Note: On on January 11, 2009 I began facilitating a parenting class for DaySpring, the church I attend in Waco. I’m going to be offering some of what I’m doing there in this space over the Spring.
Good Day all you parental units out there! After a week off to celebrate Hope in the form of Christ’s victory over death, we’re back to figuring out how get all those little tricycle motors not only growed up, but growed up as persons of great character and faith.
One of the decisions that almost every parent considers at one time or another is the public school versus private school decision. In Waco, this comes down to actually three choices, which I suspect are similar to many communities. Parents have these options:
- Waco Independent School District. WISD is fraught with all the challenges of a large, diverse district which has a very large population of socio-economically challenged kids. My wife, as the nurse at Waco High, has a front row seat from which to observe all of difficulties of running such a district. WISD has a large number of very uninvolved parents, and therefore a tremendous amount of resources are directed as just trying to keep the kids of these parents moving forward. At the same time, the district has provided outstanding resources for those students who are self-motivated achievers.
- Suburban schools. Waco is surrounded by some smaller communities which have excellent schools. Because these communities are less socioeconomically diverse, they tend to deal with much less conflict, and therefore, fewer distractions. Many parents who work in Waco opt to live in one of these communities because of the schools.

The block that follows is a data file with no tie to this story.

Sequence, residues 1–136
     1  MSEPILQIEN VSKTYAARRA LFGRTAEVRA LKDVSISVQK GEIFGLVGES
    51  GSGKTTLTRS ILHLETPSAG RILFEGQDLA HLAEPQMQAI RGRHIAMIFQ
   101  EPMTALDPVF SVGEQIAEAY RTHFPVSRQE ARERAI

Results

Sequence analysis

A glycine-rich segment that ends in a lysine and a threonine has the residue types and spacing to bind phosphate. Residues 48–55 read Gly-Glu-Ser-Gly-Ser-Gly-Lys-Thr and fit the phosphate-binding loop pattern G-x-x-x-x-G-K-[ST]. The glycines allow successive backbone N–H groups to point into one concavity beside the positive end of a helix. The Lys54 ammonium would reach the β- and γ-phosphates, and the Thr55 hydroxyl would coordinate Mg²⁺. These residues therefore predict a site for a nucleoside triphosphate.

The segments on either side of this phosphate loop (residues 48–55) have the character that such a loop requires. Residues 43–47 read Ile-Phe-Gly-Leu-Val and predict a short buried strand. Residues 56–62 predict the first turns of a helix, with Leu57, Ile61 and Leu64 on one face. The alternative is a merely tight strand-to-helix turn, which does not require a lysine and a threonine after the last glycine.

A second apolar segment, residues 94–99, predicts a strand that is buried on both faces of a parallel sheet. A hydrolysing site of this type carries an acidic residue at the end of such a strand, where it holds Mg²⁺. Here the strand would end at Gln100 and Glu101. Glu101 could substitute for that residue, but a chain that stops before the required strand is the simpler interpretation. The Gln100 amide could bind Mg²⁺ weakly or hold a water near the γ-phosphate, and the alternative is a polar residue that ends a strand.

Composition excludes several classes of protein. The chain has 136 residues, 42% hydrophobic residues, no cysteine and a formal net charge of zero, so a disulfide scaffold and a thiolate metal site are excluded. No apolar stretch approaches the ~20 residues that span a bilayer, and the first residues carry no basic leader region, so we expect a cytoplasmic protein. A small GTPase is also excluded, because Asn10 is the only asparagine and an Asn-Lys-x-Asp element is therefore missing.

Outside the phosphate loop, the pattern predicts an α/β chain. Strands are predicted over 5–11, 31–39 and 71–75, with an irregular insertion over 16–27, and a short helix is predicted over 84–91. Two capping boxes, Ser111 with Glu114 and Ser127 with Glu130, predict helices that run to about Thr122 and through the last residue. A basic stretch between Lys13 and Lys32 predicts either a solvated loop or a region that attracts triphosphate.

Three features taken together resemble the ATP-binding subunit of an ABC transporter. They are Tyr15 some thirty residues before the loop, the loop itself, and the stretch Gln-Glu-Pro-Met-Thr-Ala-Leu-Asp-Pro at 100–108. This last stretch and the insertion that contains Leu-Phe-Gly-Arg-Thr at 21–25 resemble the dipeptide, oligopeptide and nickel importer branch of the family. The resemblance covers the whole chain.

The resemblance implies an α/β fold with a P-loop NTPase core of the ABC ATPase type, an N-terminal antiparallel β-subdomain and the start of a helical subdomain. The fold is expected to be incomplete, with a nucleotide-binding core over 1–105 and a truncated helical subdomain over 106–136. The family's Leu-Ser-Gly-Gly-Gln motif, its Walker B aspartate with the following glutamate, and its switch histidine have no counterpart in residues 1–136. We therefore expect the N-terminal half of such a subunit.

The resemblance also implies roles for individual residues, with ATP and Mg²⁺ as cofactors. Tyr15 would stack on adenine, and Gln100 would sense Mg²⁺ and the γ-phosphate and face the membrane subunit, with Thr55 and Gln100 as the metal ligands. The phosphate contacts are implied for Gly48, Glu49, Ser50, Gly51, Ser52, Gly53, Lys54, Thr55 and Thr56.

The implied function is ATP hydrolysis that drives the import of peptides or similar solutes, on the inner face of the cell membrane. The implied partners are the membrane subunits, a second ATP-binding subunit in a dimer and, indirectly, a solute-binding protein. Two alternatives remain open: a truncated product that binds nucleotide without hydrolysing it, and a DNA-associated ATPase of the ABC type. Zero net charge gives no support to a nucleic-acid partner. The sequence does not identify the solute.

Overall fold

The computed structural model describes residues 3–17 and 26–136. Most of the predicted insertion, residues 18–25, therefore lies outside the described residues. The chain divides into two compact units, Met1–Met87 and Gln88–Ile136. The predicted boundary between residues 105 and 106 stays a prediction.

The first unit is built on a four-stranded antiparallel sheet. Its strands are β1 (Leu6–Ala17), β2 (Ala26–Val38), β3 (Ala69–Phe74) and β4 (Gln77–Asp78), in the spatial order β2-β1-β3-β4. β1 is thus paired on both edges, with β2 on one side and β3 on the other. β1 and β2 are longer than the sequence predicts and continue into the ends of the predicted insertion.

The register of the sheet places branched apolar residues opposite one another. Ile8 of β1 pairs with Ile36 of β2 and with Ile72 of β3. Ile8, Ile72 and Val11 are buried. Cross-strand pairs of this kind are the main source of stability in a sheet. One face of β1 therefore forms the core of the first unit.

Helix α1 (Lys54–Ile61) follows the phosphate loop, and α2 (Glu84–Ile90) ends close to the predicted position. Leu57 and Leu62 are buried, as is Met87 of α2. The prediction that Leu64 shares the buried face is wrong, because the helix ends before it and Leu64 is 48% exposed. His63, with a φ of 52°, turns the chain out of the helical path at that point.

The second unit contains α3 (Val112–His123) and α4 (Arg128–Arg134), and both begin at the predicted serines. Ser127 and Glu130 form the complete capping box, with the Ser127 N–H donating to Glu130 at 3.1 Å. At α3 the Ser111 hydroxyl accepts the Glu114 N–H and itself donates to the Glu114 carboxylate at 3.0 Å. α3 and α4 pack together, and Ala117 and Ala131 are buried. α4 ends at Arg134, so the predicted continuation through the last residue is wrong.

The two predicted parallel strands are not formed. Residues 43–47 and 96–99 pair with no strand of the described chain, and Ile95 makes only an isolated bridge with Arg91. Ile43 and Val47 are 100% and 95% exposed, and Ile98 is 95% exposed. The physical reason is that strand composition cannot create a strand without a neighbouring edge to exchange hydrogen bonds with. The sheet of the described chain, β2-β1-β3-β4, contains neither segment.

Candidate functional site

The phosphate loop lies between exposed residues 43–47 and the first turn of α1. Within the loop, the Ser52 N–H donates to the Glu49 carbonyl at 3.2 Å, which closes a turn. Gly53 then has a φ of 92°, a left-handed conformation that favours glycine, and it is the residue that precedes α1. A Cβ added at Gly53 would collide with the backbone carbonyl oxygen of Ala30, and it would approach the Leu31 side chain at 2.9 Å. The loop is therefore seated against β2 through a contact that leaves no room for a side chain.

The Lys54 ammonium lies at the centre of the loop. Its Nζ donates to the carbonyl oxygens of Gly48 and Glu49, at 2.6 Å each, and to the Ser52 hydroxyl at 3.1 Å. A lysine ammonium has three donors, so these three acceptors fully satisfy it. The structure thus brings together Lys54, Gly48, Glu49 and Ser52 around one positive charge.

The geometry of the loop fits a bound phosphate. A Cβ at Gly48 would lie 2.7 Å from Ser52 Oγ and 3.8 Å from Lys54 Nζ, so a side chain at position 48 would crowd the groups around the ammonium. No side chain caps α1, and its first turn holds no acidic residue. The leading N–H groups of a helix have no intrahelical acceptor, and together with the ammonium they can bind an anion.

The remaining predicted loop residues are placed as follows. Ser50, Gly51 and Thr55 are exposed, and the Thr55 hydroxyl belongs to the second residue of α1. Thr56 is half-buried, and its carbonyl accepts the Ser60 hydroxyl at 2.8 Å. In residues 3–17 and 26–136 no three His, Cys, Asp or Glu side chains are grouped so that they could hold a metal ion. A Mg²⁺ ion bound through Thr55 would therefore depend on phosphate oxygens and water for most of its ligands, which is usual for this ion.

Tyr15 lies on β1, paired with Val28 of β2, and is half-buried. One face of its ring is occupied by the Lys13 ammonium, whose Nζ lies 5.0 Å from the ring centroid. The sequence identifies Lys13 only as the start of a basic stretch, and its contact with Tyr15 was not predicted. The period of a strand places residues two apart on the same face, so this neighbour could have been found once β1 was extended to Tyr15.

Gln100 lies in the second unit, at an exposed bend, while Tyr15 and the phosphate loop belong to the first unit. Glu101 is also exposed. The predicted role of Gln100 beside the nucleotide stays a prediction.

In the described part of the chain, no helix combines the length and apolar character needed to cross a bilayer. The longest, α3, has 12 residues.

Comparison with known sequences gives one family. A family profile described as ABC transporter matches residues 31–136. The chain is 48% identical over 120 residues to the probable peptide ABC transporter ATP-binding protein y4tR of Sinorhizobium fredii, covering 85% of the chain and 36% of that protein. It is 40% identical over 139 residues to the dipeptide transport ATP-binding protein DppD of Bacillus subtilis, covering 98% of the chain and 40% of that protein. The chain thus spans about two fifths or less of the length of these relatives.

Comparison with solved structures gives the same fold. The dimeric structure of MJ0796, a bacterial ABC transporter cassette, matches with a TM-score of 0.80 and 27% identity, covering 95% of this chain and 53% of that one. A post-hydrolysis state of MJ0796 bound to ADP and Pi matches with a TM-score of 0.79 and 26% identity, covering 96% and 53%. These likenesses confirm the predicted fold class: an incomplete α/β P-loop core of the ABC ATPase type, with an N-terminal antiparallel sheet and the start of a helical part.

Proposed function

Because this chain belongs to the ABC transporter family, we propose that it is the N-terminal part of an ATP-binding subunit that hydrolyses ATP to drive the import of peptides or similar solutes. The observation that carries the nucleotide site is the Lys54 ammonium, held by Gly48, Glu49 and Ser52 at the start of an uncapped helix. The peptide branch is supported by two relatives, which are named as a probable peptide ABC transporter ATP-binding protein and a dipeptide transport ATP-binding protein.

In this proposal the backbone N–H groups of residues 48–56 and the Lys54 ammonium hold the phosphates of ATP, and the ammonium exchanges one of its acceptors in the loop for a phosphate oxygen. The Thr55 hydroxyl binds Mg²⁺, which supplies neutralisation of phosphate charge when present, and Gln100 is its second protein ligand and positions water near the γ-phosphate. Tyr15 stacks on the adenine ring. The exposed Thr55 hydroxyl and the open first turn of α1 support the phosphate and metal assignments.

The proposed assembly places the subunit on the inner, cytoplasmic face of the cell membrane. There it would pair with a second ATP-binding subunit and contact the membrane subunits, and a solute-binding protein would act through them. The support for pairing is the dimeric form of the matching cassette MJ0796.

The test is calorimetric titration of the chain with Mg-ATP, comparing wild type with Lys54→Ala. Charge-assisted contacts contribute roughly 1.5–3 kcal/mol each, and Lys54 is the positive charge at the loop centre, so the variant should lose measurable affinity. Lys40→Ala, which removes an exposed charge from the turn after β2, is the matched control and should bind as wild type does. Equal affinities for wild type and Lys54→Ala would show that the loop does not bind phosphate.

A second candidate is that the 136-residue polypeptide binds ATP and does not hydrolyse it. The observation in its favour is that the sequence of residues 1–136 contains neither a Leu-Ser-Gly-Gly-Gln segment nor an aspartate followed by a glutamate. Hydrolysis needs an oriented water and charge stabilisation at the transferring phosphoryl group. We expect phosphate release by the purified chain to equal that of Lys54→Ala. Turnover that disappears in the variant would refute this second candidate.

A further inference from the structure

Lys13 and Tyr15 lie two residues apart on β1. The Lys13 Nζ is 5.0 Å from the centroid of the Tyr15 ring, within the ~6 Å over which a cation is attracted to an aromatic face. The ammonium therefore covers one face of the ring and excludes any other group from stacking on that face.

- Private schools. Waco has several outstanding college prep, private school options. These schools offer smaller class sizes and much more personal instruction. The obvious downside is the cost. All of these schools provide scholarships to help families who can’t afford the full fees, but for understandable reasons, the student bodies tend to be fairly homogeneous both socio-economically and ethnically.
DaySpring is fortunate to have some really cool young people from each of these settings. These young men and women have become close friends through church, and so have a pretty good idea about how their school lives compare. This past Sunday morning four of these students met with our class to discuss their experiences and their impressions regarding these school choices.
I’ve not been able to figure out how to summarize what they had to say, other than to point out that they each did a good job of expressing what they appreciated about the school they each attendened and what they perceived to be the differences.
I’m sending a note to the members of the class asking them to offer their reflections on the conversation with the youth….